White blood cells (WBCs)

White blood cells (WBCs) or leukocytes are the colorless

and nucleated formed elements of blood (leuko is derived

from Greek word leukos = white). Alternate spelling for

leukocytes is leucocytes.

Compared to RBCs, the WBCs are larger in size

and lesser in number. Yet functionally, these cells are

important like RBCs because of their role in defense

mechanism of body and protect the body from invading

organisms by acting like soldiers.

WBCs Vs RBCs

WBCs differ from RBCs in many aspects. The differences

between WBCs and RBCs are given in Table 16.1.

1. Larger in size.

2. Irregular in shape.

3. Nucleated.

4. Many types.

5. Granules are present in some type of WBCs.

6. Lifespan is shorter.

CLASSIFICATION

Some of the WBCs have granules in the cytoplasm.

Based on the presence or absence of granules in the

cytoplasm, the leukocytes are classified into two groups:

1. Granulocytes which have granules.

2. Agranulocytes which do not have granules.

1. Granulocytes

Depending upon the staining property of granules, the

granulocytes are classified into three types:

i. Neutrophils with granules taking both acidic and

basic stains.

ii. Eosinophils with granules taking acidic stain.

iii. Basophils with granules taking basic stain.

2. Agranulocytes

Agranulocytes have plain cytoplasm without granules.

Agranulocytes are of two types:

i. Monocytes.

ii. Lymphocytes.

MORPHOLOGY OF WHITE BLOOD CELLS

NEUTROPHILS

Neutrophils which are also known as polymorphs have

fine or small granules in the cytoplasm. The granules take

acidic and basic stains. When stained with Leishman’s

stain (which contains acidic eosin and basic methylene

blue) the granules appear violet in color.

Nucleus is multilobed (Fig. 16.1). The number of

lobes in the nucleus depends upon the age of cell. In

younger cells, the nucleus is not lobed. And in older

neutrophils, the nucleus has 2 to 5 lobes. The diameterof cell is 10 to 12 μ (Table 16.2). The neutrophils are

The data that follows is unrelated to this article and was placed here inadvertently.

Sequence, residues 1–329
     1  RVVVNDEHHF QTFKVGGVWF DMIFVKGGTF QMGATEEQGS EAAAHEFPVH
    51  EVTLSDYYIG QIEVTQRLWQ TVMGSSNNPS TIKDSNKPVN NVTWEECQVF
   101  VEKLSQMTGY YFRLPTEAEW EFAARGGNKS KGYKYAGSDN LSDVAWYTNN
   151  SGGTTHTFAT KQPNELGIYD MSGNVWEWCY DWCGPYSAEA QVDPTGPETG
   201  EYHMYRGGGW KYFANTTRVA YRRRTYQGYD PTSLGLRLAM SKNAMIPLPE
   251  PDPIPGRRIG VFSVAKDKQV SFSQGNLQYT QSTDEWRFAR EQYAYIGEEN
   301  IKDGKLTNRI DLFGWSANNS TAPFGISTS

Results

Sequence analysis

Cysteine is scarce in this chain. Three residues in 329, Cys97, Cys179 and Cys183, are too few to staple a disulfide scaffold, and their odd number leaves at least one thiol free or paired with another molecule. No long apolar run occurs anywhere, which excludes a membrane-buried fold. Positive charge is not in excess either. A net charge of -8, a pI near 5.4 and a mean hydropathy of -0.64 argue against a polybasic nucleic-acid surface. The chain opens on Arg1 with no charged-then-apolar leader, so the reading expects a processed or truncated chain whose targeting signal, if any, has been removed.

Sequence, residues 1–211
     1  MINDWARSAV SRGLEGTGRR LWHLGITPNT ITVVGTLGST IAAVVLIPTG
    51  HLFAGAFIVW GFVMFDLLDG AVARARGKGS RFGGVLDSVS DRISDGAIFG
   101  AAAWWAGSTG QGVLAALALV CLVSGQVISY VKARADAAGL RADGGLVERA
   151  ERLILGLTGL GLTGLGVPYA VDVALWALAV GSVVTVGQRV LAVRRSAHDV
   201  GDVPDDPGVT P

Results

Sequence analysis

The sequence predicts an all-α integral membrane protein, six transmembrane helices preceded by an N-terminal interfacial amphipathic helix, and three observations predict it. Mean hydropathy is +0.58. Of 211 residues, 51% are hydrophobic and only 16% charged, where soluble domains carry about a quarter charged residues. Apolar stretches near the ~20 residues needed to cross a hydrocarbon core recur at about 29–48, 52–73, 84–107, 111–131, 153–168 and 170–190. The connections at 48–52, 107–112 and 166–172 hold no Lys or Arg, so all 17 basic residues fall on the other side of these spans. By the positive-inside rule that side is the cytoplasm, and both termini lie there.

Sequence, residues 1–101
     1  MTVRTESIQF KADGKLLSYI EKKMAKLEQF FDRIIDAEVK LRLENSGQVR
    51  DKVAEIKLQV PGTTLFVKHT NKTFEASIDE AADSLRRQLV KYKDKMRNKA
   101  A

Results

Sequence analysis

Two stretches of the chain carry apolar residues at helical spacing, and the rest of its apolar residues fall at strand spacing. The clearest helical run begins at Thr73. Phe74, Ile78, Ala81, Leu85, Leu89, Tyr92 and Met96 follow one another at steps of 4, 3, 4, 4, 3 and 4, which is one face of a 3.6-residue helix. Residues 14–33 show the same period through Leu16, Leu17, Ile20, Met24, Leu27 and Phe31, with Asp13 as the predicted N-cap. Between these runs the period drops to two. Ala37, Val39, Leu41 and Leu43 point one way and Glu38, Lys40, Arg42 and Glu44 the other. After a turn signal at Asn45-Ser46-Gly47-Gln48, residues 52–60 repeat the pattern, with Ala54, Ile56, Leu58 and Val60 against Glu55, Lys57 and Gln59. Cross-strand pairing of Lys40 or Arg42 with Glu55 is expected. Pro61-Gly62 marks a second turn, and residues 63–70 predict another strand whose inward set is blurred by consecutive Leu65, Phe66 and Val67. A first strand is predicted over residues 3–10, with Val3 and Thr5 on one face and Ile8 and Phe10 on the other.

ameboid in nature.

EOSINOPHILS

Eosinophils have coarse (larger) granules in the

cytoplasm, which stain pink or red with eosin. Nucleus

is bilobed and spectacle-shaped. Diameter of the cell

varies between 10 and 14 μ.

BASOPHILS

Basophils also have coarse granules in the cytoplasm.

The granules stain purple blue with methylene blue. Nucleus is bilobed. Diameter of the cell is 8 to 10 μ.

MONOCYTES

Monocytes are the largest leukocytes with diameter of 14 to 18 μ. The cytoplasm is clear without granules. Nucleus is round, oval and horseshoe shaped, bean shaped or kidney shaped. Nucleus is placed either in the center of the cell or pushed to one side and a large amount of cytoplasm is seen.

LYMPHOCYTES

Like monocytes, the lymphocytes also do not have granules in the cytoplasm. Nucleus is oval, bean-shaped or kidney-shaped. Nucleus occupies the whole of the cytoplasm. A rim of cytoplasm may or may not be seen.

Types of Lymphocytes

Depending upon the size, lymphocytes are divided into two groups:

1. Large lymphocytes: Younger cells with a diameter of 10 to 12 μ.

2. Small lymphocytes: Older cells with a diameter of 7 to 10 μ.

Depending upon the function, lymphocytes are divided into two types:

1. T lymphocytes: Cells concerned with cellular immunity.

2. B lymphocytes: Cells concerned with humoral immunity.

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